Infectious disease expert says US isn’t ready for next pandemic
An infectious disease expert warned Friday that the United States isn’t ready for the next pandemic, adding that it’s easy for Americans to become “shortsighted and exhausted” by current conditions.
Dr. Céline Gounder, Clinical Assistant Professor of Medicine and Infectious Diseases at New York University’s Grossman School of Medicine, told The Hill during its “America’s Report Card” event that the U.S. is vulnerable to future pandemics as new infectious diseases emerge across the world.
She added that though infections from the highly transmissible omicron variant have waned, the U.S. has not taken steps to prepare itself against future pandemics or the emergence of new COVID-19 variants.
“We get exhausted, we become short sighted, we don’t build the necessary pandemic preparedness to protect ourselves and insulate and shield ourselves better for next time and there will be a next time,” Gounder said.
To stop the emergence of future variants, Gounder believes the United States should invest in genomic surveillance and vaccination domestically and abroad.
“We tend to be fairly, frankly provincial in how we think about things here, but if you look at every single variant to date, those have emerged elsewhere around the world where there’s been high levels of transmission and low levels of vaccination,” Gounder said.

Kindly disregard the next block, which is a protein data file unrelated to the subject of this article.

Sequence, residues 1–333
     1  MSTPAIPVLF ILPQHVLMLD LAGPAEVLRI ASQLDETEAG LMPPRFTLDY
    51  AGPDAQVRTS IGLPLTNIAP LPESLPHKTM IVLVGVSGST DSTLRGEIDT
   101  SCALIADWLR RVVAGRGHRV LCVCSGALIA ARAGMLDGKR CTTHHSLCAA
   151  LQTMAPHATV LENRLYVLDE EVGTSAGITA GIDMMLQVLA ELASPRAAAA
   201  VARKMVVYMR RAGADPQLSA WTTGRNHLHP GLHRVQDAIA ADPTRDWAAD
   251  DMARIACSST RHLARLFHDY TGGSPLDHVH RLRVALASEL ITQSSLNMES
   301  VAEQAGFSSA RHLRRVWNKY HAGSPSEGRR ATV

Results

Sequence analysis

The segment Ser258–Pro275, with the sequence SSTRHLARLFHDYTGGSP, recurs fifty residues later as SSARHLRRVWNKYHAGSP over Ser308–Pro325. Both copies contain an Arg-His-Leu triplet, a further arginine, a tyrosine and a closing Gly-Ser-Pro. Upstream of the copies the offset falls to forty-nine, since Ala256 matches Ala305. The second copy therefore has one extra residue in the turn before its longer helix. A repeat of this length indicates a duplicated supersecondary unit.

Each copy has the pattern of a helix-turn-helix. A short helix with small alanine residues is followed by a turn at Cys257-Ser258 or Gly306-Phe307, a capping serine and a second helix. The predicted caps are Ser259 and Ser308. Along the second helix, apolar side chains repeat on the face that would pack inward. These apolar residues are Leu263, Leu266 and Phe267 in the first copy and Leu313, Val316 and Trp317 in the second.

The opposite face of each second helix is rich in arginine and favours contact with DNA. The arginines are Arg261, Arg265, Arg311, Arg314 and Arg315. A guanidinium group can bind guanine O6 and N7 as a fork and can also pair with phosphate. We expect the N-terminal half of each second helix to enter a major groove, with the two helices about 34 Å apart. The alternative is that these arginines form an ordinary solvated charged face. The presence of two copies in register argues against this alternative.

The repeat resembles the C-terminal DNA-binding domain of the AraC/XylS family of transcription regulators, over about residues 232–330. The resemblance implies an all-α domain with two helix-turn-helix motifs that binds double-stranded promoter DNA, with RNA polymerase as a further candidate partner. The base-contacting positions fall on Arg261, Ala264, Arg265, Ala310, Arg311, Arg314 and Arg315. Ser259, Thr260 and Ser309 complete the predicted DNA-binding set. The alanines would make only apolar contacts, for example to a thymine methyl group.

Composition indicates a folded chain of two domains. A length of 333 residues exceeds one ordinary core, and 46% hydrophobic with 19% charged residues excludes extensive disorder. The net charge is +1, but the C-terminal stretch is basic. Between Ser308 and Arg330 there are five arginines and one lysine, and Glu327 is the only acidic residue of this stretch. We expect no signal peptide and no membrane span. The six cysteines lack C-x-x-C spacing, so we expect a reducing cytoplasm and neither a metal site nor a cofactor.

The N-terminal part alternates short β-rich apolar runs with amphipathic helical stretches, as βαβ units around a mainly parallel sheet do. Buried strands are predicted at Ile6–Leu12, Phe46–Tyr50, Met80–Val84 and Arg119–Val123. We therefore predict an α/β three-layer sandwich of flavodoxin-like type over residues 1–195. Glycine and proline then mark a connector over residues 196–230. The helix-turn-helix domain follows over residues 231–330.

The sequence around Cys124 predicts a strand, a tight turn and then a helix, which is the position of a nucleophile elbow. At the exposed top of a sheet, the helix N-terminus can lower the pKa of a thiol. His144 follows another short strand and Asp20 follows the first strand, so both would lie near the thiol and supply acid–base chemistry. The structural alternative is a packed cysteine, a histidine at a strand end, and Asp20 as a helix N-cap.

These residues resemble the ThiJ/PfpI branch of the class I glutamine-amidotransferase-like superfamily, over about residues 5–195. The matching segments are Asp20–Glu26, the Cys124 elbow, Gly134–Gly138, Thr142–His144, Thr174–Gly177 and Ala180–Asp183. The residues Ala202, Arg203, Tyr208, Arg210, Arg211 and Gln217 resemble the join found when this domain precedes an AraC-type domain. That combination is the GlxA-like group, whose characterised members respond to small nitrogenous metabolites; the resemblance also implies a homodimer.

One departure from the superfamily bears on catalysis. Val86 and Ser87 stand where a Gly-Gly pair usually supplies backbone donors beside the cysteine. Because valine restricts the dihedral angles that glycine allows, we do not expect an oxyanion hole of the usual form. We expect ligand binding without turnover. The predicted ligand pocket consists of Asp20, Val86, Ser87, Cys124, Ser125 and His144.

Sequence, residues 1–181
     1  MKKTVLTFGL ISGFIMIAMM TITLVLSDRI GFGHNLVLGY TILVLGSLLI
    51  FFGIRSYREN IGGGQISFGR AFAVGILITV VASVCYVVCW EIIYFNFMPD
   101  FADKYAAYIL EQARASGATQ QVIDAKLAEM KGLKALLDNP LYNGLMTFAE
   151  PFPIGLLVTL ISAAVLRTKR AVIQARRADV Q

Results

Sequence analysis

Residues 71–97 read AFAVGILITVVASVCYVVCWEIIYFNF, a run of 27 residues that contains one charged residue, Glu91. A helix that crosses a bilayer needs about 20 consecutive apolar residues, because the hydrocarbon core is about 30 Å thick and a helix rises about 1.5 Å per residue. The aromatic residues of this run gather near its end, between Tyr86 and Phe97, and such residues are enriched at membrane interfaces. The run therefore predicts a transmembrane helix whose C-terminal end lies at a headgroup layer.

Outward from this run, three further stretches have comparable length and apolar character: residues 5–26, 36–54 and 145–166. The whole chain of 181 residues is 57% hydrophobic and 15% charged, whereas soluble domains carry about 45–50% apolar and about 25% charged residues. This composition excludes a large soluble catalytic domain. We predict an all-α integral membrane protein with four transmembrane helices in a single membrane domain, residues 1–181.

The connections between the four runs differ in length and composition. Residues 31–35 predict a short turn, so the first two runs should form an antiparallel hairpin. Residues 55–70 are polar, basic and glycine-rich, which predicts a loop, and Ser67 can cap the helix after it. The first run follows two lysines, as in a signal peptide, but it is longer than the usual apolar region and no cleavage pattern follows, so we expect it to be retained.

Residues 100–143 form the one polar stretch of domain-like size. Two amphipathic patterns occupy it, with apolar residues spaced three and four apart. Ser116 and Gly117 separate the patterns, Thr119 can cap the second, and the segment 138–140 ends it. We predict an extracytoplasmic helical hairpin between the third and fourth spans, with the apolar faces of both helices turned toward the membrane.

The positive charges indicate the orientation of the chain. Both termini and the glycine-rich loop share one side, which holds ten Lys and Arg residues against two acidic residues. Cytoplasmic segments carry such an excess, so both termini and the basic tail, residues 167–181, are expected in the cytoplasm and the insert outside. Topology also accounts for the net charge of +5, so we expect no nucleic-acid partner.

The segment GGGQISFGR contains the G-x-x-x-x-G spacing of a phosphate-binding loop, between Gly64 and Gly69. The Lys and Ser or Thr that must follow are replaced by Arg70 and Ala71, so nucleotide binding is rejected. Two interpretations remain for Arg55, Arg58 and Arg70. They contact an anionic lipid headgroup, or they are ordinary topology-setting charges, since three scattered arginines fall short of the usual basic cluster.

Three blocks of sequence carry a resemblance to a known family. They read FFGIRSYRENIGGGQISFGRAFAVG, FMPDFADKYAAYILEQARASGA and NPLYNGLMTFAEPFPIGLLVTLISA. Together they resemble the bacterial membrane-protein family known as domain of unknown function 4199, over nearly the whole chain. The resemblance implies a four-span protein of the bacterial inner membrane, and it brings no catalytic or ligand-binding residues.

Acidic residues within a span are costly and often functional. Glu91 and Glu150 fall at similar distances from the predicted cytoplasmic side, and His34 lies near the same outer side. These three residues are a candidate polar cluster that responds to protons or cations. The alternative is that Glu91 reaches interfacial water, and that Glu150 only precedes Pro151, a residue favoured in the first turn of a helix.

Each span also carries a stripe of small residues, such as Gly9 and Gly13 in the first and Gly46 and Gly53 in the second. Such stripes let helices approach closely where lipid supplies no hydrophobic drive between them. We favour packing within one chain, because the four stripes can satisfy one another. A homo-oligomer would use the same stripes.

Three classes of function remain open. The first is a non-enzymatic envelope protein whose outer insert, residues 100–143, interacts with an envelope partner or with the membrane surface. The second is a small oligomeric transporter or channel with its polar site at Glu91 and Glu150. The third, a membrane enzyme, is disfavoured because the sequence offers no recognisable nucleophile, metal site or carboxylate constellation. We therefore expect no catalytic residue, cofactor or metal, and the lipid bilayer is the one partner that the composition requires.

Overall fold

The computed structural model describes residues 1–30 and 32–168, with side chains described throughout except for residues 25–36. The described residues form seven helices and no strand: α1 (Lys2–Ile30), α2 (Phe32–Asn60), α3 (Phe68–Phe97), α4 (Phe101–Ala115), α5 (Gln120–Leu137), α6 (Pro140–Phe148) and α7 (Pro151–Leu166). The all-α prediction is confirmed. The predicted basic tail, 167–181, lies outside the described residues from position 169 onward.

“Depending on whether you would have a game changing variant or slower mutation you’re looking at probably the emergence of something that is truly game changing like Delta or Omicron somewhere between every two to 10 years,” Gounder added.
Sixty-five percent of all Americans are fully vaccinated, but less than 70 percent of the world’s total population has received at least one dose of the COVID-19 vaccine, with wealthier countries far outpacing poorer countries in vaccination rates.
Moving into the next stages of the pandemic, health metrics will likely shift from the number of cases to other factors, she said.
“The focus moving forward will really be on cases, number of cases, how quickly they may be increasing in an area, hospitalizations, but also importantly hospitalization capacity,” Gounder said.
States across the country, including California and New York, have begun to drop indoor mask mandates in recent weeks, based on metrics that have shown a decrease in hospitalization rates and higher vaccination rates.
“I just fear that people are going to commit the same mistakes as before and really just move on without taking those steps to build up our public health systems,” she said.
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